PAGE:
A defendant may remove a criminal action from the state court "not later than thirty days after the arraignment in the State court, or at any time before trial, whichever is earlier."

28 U.S.C. § 1446(c)(1). Upon removal of a criminal matter, the district court is required to "examine the notice promptly" and remand the criminal matter "[i]f it clearly appears on the face of the notice and any exhibits annexed thereto that removal should not be permitted." 28 U.S.C. § 1446(c)(4). The Court has reviewed Defendant's notice of removal, as well as the various exhibits submitted, and finds that removal was not proper in this matter.

II. Removal was Improper

Defendant removed this case from the Town Court under 28 U.S.C. § 1443(1). Section 1443(1) provides for the removal of criminal prosecutions "[a]against any person who is denied or cannot enforce in the courts of such State a right under any law providing for the equal civil rights of citizens of the United States, or of all persons within the jurisdiction thereof." 28 U.S.C § 1443(1) (2006).

"[A] removal petition under 28 U.S.C. § 1443 (1) must satisfy a two-pronged test. First, it must appear that the right allegedly denied the removal petitioner arises under a federal law 'providing for specific civil rights stated in terms of racial equality.'" Johnson v. Mississippi, 421 U.S. 213, 219, 95 S.Ct. 1591, 44 L.Ed. 2d 121 (1975) (quoting Georgia v. Rachel, 384 U.S. 780, 792, 86 S.Ct. 1783, 16 L.Ed. 2d 925 (1966). Next, "it must appear, in accordance with the provisions of § 1443 (1), that the removal petitioner is 'denied or cannot enforce' the specified federal rights 'in the courts of [the] State.'" Id. Defendant has not satisfied either of the two prongs required for removal under Section 1443.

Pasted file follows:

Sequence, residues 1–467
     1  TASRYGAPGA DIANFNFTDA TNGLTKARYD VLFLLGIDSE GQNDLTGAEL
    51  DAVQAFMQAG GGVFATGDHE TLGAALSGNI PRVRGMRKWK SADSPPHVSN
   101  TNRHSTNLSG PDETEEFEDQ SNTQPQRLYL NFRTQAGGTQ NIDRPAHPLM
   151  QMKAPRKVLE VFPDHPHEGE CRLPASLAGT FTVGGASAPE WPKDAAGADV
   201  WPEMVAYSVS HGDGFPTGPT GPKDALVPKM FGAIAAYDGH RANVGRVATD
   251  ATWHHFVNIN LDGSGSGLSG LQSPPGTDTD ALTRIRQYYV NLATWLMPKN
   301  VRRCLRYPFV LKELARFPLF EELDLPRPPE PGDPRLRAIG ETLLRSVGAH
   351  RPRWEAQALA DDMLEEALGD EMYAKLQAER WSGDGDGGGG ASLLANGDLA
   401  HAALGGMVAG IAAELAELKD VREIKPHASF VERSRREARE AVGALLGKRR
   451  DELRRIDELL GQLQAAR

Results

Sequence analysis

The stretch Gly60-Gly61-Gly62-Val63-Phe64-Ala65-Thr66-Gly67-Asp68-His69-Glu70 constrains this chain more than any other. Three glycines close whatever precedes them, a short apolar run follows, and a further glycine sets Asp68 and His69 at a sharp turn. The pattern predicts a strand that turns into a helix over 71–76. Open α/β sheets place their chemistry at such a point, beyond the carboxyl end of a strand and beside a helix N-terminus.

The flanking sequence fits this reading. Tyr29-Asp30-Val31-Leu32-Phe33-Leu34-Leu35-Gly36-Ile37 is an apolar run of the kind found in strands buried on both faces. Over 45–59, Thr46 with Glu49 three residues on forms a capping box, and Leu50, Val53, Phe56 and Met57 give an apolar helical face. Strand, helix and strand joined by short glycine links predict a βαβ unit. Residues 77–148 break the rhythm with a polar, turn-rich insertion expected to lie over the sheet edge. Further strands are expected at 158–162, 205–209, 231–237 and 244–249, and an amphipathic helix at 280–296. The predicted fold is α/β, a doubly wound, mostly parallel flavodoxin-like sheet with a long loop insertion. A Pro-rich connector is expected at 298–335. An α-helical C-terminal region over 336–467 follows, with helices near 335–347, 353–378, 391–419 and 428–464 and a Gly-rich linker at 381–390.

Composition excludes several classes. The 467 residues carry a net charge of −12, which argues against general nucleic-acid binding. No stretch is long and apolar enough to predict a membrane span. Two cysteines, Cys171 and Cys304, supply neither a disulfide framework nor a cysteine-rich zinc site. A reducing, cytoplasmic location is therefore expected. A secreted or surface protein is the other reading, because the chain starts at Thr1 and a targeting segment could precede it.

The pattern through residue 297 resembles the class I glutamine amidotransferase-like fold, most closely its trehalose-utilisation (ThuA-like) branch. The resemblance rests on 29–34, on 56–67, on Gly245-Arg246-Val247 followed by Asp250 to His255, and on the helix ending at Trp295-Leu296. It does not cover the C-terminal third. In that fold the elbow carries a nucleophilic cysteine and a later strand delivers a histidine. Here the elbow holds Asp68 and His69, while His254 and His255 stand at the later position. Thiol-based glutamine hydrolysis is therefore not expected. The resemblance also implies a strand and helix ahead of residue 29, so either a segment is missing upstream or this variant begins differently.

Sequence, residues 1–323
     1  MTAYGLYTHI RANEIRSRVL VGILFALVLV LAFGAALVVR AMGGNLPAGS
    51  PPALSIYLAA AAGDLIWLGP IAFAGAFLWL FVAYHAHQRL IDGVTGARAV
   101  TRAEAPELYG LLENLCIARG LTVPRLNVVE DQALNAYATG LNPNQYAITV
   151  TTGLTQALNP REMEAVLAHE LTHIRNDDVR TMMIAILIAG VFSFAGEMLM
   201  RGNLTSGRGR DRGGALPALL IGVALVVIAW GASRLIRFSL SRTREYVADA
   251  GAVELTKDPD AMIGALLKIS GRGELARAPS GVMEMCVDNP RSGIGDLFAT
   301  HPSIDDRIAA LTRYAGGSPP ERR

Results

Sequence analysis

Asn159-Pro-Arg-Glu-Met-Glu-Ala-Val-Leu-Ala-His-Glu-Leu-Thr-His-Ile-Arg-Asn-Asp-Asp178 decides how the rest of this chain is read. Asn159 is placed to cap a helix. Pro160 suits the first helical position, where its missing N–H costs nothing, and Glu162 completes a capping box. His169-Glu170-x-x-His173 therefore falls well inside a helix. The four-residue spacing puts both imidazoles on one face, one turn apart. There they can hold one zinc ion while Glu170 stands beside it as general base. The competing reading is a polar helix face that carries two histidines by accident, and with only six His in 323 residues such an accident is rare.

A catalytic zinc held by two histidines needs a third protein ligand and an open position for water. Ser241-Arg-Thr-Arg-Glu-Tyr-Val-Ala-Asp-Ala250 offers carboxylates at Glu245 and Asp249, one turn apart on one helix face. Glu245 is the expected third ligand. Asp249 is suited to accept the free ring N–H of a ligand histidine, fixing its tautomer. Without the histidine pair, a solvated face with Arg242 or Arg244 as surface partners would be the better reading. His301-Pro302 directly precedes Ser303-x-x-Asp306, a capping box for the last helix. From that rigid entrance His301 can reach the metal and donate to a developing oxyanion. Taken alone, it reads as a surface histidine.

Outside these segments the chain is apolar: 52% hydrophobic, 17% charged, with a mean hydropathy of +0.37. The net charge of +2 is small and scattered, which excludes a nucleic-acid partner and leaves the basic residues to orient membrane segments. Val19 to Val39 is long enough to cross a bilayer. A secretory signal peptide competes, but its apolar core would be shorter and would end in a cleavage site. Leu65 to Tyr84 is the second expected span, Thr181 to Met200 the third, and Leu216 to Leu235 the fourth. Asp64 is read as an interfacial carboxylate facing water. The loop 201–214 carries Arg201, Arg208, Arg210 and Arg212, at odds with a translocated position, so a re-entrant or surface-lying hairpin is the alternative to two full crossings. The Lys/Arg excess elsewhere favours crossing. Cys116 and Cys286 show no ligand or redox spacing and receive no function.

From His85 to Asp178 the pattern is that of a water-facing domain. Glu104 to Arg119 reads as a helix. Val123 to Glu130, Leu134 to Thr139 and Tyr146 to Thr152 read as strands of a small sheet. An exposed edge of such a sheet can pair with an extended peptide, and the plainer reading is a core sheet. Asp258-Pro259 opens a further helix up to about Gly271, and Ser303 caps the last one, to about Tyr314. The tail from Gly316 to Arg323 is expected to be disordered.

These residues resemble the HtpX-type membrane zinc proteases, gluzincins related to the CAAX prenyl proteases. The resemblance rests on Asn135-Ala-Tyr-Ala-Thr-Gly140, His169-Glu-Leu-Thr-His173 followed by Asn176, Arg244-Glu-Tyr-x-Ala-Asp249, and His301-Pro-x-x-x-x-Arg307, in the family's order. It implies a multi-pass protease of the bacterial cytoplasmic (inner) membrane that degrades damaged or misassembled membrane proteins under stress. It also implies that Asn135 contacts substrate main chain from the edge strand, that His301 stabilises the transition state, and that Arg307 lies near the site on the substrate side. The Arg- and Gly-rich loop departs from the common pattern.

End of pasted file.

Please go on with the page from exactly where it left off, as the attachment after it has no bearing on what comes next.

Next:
Defendant first maintains that Plaintiff violated his rights under 18 U.S.C. § 245. However, Defendant has not shown that this section applies to his case, and has not alleged sufficient facts to indicate that Defendant cannot enforce his rights under this statute in the state court.